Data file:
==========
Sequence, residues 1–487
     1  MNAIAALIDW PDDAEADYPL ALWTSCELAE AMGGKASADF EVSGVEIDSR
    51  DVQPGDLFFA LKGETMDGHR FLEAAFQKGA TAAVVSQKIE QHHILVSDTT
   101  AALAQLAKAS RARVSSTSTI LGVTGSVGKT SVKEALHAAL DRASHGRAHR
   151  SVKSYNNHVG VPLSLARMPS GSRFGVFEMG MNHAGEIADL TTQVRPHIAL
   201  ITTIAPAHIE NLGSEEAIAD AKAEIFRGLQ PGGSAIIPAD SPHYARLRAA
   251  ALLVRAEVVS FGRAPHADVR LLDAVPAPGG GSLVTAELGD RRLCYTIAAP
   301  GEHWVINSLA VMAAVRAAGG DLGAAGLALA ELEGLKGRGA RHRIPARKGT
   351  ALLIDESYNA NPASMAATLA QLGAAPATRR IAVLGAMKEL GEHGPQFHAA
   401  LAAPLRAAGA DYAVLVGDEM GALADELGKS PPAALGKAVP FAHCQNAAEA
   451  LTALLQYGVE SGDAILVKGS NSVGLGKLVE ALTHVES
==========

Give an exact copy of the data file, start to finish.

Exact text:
Sequence, residues 1–487
     1  MNAIAALIDW PDDAEADYPL ALWTSCELAE AMGGKASADF EVSGVEIDSR
    51  DVQPGDLFFA LKGETMDGHR FLEAAFQKGA TAAVVSQKIE QHHILVSDTT
   101  AALAQLAKAS RARVSSTSTI LGVTGSVGKT SVKEALHAAL DRASHGRAHR
   151  SVKSYNNHVG VPLSLARMPS GSRFGVFEMG MNHAGEIADL TTQVRPHIAL
   201  ITTIAPAHIE NLGSEEAIAD AKAEIFRGLQ PGGSAIIPAD SPHYARLRAA
   251  ALLVRAEVVS FGRAPHADVR LLDAVPAPGG GSLVTAELGD RRLCYTIAAP
   301  GEHWVINSLA VMAAVRAAGG DLGAAGLALA ELEGLKGRGA RHRIPARKGT
   351  ALLIDESYNA NPASMAATLA QLGAAPATRR IAVLGAMKEL GEHGPQFHAA
   401  LAAPLRAAGA DYAVLVGDEM GALADELGKS PPAALGKAVP FAHCQNAAEA
   451  LTALLQYGVE SGDAILVKGS NSVGLGKLVE ALTHVES